The Hidden Pearl
Having grown up in a state park and having 562 acres as a gift of a backyard, I walked a lot. I was a lonely, first generation American child and young adult among Dutch-speaking parents. I needed something to talk with and so I took great comfort in the park and in painting.
My eyes were to the ground, mostly, as I was always looking for treasure. It came in the form of a vine or scroll, rocks suggesting texture and pattern, animated roots of trees forming hands; and limbs reaching out for something. I fell in love with the burl, the hidden pearl of a particular tree; ferns awakening, cicada leftovers, and a wing of a butterfly.
My father was a Dutch forester who came from a job that reclaimed the sea and he married my beautiful Dutch mother who excelled in aesthetics and thrift shops. My father had many gardens and my first sights of asparagus and straw flowers bewildered me. How could flowers be so hard?
At night my father sat and read and smoked his pipe (I still respond when I smell that particular brand in the air.) and thought about serious subjects. He wrote papers on recycling and composting and sent them all over the United States in the late 60s.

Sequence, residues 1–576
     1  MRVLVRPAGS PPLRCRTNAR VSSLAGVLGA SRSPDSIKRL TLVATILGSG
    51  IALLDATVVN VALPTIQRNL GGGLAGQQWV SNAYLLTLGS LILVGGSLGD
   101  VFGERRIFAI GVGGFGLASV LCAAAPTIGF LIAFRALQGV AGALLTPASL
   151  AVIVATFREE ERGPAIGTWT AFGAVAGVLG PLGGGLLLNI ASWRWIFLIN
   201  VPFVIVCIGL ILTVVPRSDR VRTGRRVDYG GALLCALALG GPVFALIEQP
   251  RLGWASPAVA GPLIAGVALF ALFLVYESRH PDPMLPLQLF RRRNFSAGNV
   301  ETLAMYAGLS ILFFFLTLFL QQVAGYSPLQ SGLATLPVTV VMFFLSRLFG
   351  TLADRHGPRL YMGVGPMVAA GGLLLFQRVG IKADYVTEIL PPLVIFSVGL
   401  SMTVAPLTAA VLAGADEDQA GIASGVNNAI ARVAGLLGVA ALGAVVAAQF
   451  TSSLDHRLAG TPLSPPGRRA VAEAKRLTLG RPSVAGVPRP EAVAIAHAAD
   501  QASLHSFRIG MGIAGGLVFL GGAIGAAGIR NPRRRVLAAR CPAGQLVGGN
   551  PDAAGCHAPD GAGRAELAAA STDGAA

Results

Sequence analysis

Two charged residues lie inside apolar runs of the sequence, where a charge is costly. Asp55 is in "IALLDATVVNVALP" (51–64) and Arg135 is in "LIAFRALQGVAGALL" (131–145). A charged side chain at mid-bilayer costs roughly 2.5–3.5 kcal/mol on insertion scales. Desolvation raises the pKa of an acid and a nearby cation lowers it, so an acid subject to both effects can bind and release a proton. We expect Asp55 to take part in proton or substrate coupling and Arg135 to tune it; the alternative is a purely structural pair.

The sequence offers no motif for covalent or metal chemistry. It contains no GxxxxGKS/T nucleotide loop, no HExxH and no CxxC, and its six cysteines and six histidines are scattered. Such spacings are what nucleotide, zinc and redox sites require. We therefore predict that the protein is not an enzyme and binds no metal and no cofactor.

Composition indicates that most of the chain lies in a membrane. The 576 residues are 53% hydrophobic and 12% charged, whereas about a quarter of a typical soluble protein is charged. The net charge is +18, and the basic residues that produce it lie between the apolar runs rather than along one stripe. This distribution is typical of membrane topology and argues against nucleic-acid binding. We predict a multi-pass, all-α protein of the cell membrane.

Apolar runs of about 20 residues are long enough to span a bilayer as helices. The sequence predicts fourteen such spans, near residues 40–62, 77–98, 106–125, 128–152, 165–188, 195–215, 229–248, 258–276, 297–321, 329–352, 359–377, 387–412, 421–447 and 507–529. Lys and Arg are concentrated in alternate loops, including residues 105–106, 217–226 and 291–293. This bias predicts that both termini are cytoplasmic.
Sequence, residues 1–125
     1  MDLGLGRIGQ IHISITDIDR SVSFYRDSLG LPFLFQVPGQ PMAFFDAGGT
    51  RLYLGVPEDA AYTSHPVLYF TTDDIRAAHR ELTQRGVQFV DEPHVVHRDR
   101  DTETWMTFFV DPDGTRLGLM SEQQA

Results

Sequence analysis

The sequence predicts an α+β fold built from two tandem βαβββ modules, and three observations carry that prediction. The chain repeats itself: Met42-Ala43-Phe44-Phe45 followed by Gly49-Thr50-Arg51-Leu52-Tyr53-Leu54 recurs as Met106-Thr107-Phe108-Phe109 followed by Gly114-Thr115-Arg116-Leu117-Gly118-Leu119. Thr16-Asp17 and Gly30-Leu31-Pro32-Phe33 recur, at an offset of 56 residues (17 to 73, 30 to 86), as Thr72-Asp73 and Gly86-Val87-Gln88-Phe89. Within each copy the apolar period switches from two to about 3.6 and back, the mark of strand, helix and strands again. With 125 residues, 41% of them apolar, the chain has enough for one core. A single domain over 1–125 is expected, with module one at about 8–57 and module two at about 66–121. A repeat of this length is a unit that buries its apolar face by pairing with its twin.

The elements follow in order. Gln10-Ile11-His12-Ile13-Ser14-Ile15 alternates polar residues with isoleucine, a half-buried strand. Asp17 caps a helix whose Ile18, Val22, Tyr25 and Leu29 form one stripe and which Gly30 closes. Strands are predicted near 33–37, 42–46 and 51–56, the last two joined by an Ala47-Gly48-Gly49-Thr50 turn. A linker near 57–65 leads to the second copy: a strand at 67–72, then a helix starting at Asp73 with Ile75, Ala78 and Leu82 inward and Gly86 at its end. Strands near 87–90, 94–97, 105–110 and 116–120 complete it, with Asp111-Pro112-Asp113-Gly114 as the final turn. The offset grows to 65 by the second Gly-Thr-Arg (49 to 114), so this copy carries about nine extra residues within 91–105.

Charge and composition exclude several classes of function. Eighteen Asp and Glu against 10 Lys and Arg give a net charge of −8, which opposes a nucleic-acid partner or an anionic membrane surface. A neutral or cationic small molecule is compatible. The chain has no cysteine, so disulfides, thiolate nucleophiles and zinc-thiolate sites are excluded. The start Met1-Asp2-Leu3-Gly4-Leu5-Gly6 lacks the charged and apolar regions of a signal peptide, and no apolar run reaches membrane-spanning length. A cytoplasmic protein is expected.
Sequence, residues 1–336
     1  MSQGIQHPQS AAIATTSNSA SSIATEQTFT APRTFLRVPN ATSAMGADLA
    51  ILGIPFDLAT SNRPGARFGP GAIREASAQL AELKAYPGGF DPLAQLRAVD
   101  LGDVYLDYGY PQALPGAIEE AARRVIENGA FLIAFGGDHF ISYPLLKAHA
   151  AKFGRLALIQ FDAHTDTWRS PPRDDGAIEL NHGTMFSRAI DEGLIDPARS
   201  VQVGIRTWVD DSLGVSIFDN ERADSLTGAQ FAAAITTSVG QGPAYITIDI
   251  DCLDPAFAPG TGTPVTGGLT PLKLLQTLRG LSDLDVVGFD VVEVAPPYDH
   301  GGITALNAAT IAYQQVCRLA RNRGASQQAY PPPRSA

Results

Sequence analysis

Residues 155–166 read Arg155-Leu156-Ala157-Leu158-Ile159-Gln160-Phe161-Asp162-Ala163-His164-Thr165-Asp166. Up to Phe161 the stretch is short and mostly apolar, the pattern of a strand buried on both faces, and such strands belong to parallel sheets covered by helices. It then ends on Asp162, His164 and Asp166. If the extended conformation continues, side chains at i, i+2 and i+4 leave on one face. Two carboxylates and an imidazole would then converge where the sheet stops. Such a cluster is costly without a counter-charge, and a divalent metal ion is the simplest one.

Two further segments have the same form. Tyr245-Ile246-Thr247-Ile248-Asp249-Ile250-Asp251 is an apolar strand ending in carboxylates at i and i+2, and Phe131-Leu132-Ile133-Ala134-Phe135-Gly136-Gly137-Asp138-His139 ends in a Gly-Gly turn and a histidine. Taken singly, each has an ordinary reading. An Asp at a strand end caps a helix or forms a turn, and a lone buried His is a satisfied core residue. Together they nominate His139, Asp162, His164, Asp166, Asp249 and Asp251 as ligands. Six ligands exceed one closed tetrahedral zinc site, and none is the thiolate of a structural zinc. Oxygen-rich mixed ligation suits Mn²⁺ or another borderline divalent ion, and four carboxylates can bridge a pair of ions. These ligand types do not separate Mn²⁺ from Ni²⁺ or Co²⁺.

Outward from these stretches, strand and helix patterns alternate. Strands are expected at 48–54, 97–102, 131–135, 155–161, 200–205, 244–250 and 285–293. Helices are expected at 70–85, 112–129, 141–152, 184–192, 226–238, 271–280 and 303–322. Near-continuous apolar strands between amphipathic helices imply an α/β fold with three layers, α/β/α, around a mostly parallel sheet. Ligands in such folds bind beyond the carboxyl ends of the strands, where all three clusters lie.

The rejection was overwhelming and I believe it was because his papers were typed on a second-hand italic typewriter with a jumping “j”. I’m sad that he never saw the slow but sure transitioning of mankind.
My mother could spot silk and cashmere in the wind. In thrift shops, she would run her hand through clothing to arrive at a cashmere sweater for a dollar ninety-five. She weaned me on flea markets and saw the dent in a copper pot as an asset. She knew it contained a story and set it on our Persian rug-covered table along with fresh flowers (as if there were any other kind) and her collection of beautiful stuff, not too much, just enough.
We also lived amongst antiques shipped from the Netherlands after the Second World War at great expense. They had sentimental and aesthetic value. “Farmer’s antiques,” my mother would say, beautifully carved or just old and worn and used. “Too good to leave behind.”
My obsession with ravens and raptors began when, as a child, I found an injured crow in the park. It allowed me to carry it to the nature center so that someone could drive me to the veterinarian to set its wing. When you look into a crow or raptor’s eyes, they look back at you as this one did at me. I was allowed to watch the veterinarian manipulate and set the crow’s wing, and fainted. There went all thoughts of becoming a vet.
From these and other early experiences I formed my personality as an artist. Growing up immersed in nature gave me the gift of being able to live with little, which helps when you are an artist. A sensitivity that is a cursing and a blessing at the same time. An appreciation for the natural beyond what is apparent. One of my favorite sayings is:
If you draw an outline of a fish, you can put anything inside it and it will still read as a fish.
When I am working, I trust my subconscious and let the paint speak to me. But, I am first and foremost informed by nature, not ruled by the photographic image or the pretty picture.